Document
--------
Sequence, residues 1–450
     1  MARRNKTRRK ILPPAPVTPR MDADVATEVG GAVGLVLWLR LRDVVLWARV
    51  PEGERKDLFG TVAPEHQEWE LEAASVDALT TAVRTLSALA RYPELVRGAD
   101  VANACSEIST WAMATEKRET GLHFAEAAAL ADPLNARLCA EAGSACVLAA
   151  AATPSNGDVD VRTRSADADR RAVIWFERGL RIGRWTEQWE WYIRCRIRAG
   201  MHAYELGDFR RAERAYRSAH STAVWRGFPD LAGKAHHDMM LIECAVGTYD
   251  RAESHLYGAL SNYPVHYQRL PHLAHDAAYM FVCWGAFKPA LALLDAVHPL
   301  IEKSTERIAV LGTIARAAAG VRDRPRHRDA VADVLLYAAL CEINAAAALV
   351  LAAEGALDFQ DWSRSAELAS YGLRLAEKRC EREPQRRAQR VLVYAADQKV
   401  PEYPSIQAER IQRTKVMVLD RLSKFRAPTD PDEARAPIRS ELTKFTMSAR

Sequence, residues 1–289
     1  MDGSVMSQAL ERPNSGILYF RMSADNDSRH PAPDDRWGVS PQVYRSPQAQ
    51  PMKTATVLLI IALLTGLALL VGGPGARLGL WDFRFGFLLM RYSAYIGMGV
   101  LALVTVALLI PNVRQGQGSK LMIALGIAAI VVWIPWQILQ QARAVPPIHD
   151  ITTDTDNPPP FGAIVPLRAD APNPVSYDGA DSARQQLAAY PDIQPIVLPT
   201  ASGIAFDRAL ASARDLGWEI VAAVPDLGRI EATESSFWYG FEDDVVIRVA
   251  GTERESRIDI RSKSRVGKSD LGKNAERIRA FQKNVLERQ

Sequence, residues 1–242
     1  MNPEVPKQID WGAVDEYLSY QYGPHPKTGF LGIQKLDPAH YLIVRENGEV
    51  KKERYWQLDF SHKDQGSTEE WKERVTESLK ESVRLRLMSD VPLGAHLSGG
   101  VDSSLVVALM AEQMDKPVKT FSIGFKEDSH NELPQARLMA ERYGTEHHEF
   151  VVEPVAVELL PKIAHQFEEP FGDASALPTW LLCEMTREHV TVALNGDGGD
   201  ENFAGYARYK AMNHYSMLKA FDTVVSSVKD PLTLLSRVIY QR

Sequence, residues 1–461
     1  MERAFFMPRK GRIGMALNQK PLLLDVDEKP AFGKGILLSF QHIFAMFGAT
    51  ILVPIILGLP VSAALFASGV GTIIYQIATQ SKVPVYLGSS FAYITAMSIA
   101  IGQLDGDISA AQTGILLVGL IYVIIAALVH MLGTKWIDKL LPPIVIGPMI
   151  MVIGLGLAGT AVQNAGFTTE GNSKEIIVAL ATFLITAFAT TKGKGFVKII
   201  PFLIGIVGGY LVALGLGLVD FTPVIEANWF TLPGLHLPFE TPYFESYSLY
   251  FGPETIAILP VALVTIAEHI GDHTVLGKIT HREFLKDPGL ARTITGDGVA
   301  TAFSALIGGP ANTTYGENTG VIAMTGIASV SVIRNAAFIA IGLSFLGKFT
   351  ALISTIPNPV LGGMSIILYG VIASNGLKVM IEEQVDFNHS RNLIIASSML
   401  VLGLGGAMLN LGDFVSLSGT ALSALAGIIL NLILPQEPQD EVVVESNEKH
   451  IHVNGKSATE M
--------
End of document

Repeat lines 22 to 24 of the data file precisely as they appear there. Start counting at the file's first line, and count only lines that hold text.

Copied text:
   151  VVEPVAVELL PKIAHQFEEP FGDASALPTW LLCEMTREHV TVALNGDGGD
   201  ENFAGYARYK AMNHYSMLKA FDTVVSSVKD PLTLLSRVIY QR

Sequence, residues 1–461